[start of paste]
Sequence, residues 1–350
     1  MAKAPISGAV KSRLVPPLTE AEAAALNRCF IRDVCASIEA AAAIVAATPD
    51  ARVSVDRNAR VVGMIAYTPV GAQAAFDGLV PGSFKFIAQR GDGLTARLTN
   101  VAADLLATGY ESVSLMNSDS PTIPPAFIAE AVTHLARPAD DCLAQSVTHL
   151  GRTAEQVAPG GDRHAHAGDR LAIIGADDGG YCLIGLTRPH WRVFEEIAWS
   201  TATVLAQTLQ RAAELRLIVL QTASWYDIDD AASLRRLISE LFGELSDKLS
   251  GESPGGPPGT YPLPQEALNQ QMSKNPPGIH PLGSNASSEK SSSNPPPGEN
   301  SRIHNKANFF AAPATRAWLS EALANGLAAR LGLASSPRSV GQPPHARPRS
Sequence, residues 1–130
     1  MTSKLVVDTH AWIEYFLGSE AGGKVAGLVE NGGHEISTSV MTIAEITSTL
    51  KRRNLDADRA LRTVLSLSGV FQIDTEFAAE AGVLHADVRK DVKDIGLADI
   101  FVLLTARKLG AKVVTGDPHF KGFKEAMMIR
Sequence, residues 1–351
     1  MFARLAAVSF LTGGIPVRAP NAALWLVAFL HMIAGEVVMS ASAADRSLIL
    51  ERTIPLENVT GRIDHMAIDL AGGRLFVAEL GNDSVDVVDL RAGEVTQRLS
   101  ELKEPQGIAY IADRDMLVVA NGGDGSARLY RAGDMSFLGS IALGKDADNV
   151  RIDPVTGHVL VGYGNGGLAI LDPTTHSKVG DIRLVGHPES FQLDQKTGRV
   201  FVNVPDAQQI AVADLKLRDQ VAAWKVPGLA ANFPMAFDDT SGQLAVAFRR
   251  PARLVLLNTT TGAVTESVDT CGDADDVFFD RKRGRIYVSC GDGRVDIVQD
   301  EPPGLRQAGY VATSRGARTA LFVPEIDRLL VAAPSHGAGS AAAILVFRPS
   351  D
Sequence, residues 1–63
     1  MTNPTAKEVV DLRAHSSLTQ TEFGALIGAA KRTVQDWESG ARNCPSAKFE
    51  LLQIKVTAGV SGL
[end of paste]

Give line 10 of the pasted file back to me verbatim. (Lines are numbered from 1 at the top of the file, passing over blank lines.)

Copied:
     1  MTSKLVVDTH AWIEYFLGSE AGGKVAGLVE NGGHEISTSV MTIAEITSTL